The previous post on my trip to Strata describes my first day there. You may want to read it here.
The next two days were focused on keynotes and presentations, as well as exhibitors products demos.
I spent most of the day at vendors booths for products demos. It was interesting to see the approaches of different types of companies, ranging from very large vendors to new start-ups:
Big guys are fighting a lot on Hadoop distributions (Cloudera, MapR, Hortonworks or now intel...) or specialized analytical databases (Greenplum, Teradata - Aster Data, HP Vertica, SAP Hana...)
New comers (or relatively new...) focus on more specific problems. For instance, Revelytix offers datasets management, where one can model data inside a Hadoop cluster, store medata, audit and track changes that happen to a dataset, or easily connect with end tools like R; Qubole operates mainly on AWS for now and aims at modeling data within Hadoop, or provides ways to move data around to HDFS / Hive, write queries and see results on samples and schedule jobs; Platfora developed a very nice HTML5 interface to provide visualization capabilities on top of Hadoop, using a middle tier component called Fractal Cache to speed up access to precomputed data; Continuuity offers a SDK where a developer can build and deploy his Big Data applications; Skytree or 0xdata focus on machine learning (in two very different ways, high performance single node library for the first and distributed open source for the latter)....
As a take away, I would say that:
Except in certain specific cases Hadoop is really mainstream
A lot of software focusing on the end user and "relying on Hadoop" in fact means "relying on Hive"
There is a willingness to ease the way to work with Big Data, Hive being an example, but more generally there are a lot of moves to make Hadoop more user friendly by bringing SQL-ish functionalities on top of it.
I got back to keynotes and presentations. The morning keynotes were impressive, the room being literally packed with people (hundreds, thousands?). These sessions were more high level since they were short, but provided us with very good insights on the challenges about working with data.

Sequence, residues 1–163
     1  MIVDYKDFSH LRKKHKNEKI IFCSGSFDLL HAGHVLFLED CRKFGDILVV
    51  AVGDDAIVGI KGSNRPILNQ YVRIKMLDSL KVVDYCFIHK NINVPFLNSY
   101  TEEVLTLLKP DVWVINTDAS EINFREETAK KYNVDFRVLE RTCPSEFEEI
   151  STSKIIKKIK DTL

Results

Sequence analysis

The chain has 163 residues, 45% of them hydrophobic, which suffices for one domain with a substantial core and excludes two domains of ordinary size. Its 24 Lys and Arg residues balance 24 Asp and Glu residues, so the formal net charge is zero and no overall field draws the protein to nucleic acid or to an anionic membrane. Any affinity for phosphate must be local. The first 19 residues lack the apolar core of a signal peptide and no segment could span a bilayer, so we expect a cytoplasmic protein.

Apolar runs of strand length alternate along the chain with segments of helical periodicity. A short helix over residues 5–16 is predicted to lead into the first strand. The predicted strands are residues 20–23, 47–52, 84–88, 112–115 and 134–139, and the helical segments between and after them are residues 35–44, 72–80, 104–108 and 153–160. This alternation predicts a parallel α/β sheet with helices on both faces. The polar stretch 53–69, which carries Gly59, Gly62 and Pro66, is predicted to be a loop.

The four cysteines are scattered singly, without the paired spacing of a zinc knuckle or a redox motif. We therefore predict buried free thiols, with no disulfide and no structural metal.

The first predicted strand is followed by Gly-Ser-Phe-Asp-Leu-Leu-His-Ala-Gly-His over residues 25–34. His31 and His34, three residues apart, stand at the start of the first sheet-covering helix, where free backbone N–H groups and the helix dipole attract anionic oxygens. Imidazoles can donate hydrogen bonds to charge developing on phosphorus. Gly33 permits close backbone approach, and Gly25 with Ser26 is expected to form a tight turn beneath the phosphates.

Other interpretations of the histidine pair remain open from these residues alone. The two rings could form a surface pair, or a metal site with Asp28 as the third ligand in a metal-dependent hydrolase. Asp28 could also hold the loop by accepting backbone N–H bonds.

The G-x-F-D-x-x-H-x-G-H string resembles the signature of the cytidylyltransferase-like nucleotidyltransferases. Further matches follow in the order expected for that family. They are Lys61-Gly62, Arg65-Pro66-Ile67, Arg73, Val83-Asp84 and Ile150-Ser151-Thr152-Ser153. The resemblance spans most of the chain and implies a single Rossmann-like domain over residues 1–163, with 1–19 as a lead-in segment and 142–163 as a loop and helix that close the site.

The rest of the day was dedicated to more hands-on sessions:
Real-time stream processing and visualization using Kafka, Storm, d3.js : where LivePerson teamed up with ZoomData to show the software stack (see the title of the presentation...) they used to process and visualize a large flow of structured and structured data
High-volume data collection and real-time analytics using Redis: 2 software engineers from the Carnegie Mellon university detailed how they built sensors for collecting environmental data, and what challenged they faced for collecting and processing large amounts of data
Real-world machine learning on Big Data: by Alexander Gray from Skytree, where he explained the different tasks of machine learning (classification, regression, clustering...), and the pros and cons of several ML methods (and the need for trade-off between accuracy vs. speed / simplicity / interpretability)
LinkedIn endorsements by Sam Shah and Peter Skomoroch: one of the best presentation I've seen (see it on Slideshare), data science for real (engineering, machine learning, product development...)
Building recommendation platforms with Hadoop from Cloudera: a very nice presentation too, showing how one can build a recommender using the entire Hadoop stack, from data collection to machine learning using Mahout (with real code samples)
I really enjoyed the Strata Conference, especially the fact that there was plenty of concrete experiences and demonstrations of great technologies. Talking about this, I am excited to work on the Dataiku products, we are pushing further the ability to work easily with large datasets. The Dataiku Innovation Platform will remove a lot of the technical and methodological hassle related to data projects, and allow our clients to focus on getting value out of their data and build new services on top of it.
If you want to hear and see what we do with big data and data science at Dataiku, and how we are helping our customers innovate with their data, come visit us at our booth at the Big Data Paris event on April 3rd and 4th!